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Proc Natl Acad Sci U S A. 1993 May 1;90(9):3889-93.

Appearance of heparin-binding EGF-like growth factor in wound fluid as a response to injury.

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  • 1Department of Surgical Research, Children's Hospital, Boston, MA 02115.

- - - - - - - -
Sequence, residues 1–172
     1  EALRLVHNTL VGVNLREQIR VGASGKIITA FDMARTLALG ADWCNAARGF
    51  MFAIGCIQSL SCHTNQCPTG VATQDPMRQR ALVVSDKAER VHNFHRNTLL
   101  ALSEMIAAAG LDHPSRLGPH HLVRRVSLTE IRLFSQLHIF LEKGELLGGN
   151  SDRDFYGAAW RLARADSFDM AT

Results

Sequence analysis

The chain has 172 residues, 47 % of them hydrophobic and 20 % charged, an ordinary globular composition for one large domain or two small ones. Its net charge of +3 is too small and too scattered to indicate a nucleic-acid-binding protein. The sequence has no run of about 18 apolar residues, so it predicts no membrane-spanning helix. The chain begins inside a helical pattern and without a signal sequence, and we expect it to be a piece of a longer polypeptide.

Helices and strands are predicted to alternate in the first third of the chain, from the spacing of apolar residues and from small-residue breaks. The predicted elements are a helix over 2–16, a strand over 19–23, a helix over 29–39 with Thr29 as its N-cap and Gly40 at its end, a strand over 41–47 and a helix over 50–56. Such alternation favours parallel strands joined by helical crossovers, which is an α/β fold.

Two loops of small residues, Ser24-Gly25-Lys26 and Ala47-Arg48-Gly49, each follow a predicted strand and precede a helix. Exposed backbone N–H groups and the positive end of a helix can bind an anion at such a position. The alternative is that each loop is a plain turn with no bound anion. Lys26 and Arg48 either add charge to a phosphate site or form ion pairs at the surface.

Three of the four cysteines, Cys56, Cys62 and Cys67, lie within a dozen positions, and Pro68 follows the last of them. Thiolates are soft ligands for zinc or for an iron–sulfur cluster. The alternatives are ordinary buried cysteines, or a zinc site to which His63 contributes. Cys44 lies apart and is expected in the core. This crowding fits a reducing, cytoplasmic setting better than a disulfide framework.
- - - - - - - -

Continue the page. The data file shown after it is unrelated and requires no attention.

Wound fluid was obtained from porcine partial-thickness excisional wounds and analyzed for heparin-binding growth factors. Two heparin-binding growth factor activities were detected, a relatively minor one that was eluted from a heparin affinity column with 0.65 M NaCl and a major one that was eluted with 1.1 M NaCl. These activities were not present in wound fluid 1 hr after injury but appeared 1 day after injury, were maximal 2-3 days after injury, and were not detectable by 8 days after injury. The heparin-binding growth factor eluted with 0.65 M NaCl was identified as a platelet-derived growth factor (PDGF)-like activity by the use of specific anti-PDGF neutralizing antibodies. The heparin-binding growth factor eluted with 1.1 M NaCl was shown to be structurally related to heparin-binding epidermal growth factor (EGF)-like growth factor (HB-EGF) by several criteria, including binding to heparin affinity columns and elution with 1.1 M NaCl, competition with the binding of 125I-EGF to the EGF receptor, triggering phosphorylation of the EGF receptor, immunodetection on a Western blot, and stimulation of fibroblast and keratinocyte growth. It was concluded that HB-EGF is a major growth factor component of wound fluid and, since it is mitogenic for fibroblasts and keratinocytes, that it might play an important role in wound healing.

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